# Is my proof of this statement: $(A\setminus B)\cup (A\setminus C)=B\Longleftrightarrow A=B$ and $B\cap C= \emptyset$

Prove of disprove: for every 3 sets, $A,B,C: (A\setminus B)\cup (A\setminus C)=B\Longleftrightarrow A=B$ and $B \cap C = \emptyset$

Proof : We prove each statement implies the other.

1) First we show that $(A\setminus B)\cup (A\setminus C)=B\Longrightarrow A=B$ and $B \cap C = \emptyset$

2) $(A \setminus B)=A$ and $(A \setminus C)=A$, therefore $A=B$

3) Since $A=B$, then $(A\setminus C) = (B\setminus C)$

4) Therefore, $B\cap C = \emptyset$

5) Now we show that $A=B$ and $B\cap C = \emptyset \Longrightarrow (A\setminus B)\cup (A\setminus C)=B$

6) Since $A=B$, then $(A\setminus B) = \emptyset$

7) $B\cap C$ must not share any common elements for $B\cap C = \emptyset$ to hold

8) Thus, $(A \setminus C) = (B \setminus C) = B$ (since $A=B$)

9) Therefore $(A \setminus B) = \emptyset$ and $(A \setminus C) = B$

10) This gives us that: $\emptyset \cup B = B$

I would to like know if my proof is complete, correct and where it contains any faulty logic. I'm new to proof writing, so constructive criticism goes a long way for me.

• How is 2) related to 1)? Note that $X\setminus Y = \{s\,|\,s\in X,s\notin Y\}$. – Nex Nov 10 '15 at 19:16
• @Nex The set differences. No? $(A \setminus B)\Longrightarrow A$ and $(A \setminus C)\Longrightarrow A$ – Cherry_Developer Nov 10 '15 at 19:18

We have: $x \in B \Leftrightarrow x\in A\setminus C$ (because $x \notin A\setminus B$) $\Rightarrow A\setminus C=B \Rightarrow B=(A\setminus B)\cup(A\setminus C)=A\setminus B \cup B = A$.

On the other hand, $A\setminus C = B \Leftrightarrow B\setminus C = B \Leftrightarrow C= \emptyset \Rightarrow B\cap C=\emptyset$

• Can you please clarify this? – Cherry_Developer Nov 10 '15 at 20:05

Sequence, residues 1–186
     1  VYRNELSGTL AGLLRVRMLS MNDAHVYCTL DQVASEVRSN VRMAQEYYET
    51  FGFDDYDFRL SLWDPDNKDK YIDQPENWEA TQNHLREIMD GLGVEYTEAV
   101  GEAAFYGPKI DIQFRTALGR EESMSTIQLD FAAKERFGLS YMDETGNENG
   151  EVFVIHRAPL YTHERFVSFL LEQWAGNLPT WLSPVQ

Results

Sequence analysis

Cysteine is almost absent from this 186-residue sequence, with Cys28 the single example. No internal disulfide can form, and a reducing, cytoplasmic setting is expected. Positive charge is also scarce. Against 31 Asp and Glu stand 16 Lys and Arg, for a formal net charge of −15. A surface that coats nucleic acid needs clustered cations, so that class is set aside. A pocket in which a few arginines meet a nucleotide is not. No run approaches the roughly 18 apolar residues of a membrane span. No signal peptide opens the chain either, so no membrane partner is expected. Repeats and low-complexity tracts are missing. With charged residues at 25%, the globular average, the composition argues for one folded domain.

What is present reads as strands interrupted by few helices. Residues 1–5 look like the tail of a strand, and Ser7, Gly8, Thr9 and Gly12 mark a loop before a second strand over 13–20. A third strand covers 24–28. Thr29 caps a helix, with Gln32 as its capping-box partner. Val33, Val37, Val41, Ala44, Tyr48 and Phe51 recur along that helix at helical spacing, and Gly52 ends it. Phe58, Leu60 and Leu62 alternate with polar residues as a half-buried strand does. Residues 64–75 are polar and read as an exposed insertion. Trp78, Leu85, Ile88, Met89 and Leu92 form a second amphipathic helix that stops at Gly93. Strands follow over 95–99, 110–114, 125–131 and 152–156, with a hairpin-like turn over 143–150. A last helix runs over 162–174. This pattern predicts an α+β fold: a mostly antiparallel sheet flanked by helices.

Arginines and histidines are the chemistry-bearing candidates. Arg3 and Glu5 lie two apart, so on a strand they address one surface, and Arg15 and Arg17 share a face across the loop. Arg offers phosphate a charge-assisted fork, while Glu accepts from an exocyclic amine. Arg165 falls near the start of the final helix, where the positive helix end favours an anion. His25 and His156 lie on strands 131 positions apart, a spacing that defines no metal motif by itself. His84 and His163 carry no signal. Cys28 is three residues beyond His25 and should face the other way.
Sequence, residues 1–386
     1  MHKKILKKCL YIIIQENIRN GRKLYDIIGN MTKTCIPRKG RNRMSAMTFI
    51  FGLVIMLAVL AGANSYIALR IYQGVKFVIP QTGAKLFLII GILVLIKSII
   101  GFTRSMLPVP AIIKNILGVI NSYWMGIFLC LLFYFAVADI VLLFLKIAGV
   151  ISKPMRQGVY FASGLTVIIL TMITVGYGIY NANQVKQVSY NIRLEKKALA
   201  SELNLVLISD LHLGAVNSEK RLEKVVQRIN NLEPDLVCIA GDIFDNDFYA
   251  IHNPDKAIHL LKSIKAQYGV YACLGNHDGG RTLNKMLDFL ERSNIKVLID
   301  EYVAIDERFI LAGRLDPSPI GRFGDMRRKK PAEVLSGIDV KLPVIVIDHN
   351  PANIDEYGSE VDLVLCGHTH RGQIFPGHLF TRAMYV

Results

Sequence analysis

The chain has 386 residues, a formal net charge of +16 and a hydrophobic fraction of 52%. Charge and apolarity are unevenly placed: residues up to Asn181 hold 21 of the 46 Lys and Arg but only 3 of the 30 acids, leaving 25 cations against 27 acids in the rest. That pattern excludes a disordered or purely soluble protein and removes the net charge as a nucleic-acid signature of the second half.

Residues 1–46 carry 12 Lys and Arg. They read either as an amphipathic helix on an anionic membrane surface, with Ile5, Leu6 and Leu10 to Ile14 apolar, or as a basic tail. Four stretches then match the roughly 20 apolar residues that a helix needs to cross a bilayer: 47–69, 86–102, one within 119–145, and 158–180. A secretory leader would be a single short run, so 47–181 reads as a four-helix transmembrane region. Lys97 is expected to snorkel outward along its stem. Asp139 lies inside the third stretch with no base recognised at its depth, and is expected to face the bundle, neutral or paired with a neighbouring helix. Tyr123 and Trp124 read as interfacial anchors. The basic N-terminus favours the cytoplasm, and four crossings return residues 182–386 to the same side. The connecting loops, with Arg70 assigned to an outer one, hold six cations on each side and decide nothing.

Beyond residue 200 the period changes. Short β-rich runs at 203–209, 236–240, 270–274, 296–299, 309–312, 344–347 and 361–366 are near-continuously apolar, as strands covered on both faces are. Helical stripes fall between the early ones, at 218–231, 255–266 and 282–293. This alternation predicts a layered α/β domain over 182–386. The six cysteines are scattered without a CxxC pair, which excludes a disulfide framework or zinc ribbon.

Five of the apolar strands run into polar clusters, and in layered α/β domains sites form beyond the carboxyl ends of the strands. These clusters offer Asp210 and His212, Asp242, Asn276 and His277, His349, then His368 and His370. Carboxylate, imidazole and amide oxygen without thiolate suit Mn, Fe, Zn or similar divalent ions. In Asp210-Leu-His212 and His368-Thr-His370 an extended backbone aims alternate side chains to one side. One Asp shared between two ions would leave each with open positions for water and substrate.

• can you specify which part? – SiXUlm Nov 10 '15 at 20:37

Why does $(A \setminus B) = A$ in step 2) ? There is no explanation (it's false too, in general). $(A \setminus C) = A$ is similarly cryptic (and false), and why does it follow from these that $A = B$ ??

Why does it follow from $A \setminus C = B \setminus C$ that $B \cap C = \emptyset$ ? One can easily come up with counterexamples for this implication.

To see one implication: suppose $(A \setminus B) \cup (A \setminus C)=B$.

We want to show $A = B$. Suppose $x \in A$. Then, if $x \notin B$ were true, $x$ would be in $A \setminus B$, so in $(A\setminus B)\cup (A\setminus C)=B$ and so $x \in B$, and this is a contradiction ($x \notin B$ implies $X \in B$). So $x \in B$ must hold and this shows that $A \subseteq B$. On the other hand, suppose $x \in B = (A\setminus B)\cup (A\setminus C)$. Then $x \notin (A \setminus B)$, so $x \in A \setminus C$, so in particular $x \in A$. This shows that also $B \subseteq A$ and hence $A = B$ from the two inclusions.

We also want to show $B \cap C = \emptyset$. If $x \in B \cap C$, then $x \in B = (A\setminus B)\cup (A\setminus C)$. As $x \in C$, we know that $x \notin A \setminus C$. So it must be the case that $x \in A \setminus B$, but this cannot be as $x \in B$. So such an $x$ cannot exist, and the intersection is empty.

The reverse implciation is similar.

• So the entire statement is false? – Cherry_Developer Nov 10 '15 at 20:16
• $A \setminus B = A$ is, yes. The statement to prove is true, I think (the bi-implication), I showed one half. The steps themselves are not. You have to start thinking interms of proving inclusions, etc. See my proof of one half, which I wrote out as using the most elementary notions. – Henno Brandsma Nov 10 '15 at 20:20
• Yes, what you wrote out is very helpful. Can I write up the entire proof and then have you look it over? – Cherry_Developer Nov 10 '15 at 21:01
• Would you please be able to clarify where you showed that $A = B$. I'm confused by what you meant exactly. I'm especially confused by: so x∈B, and this is a contradiction (x∉B implies X∈B). – Cherry_Developer Nov 10 '15 at 23:28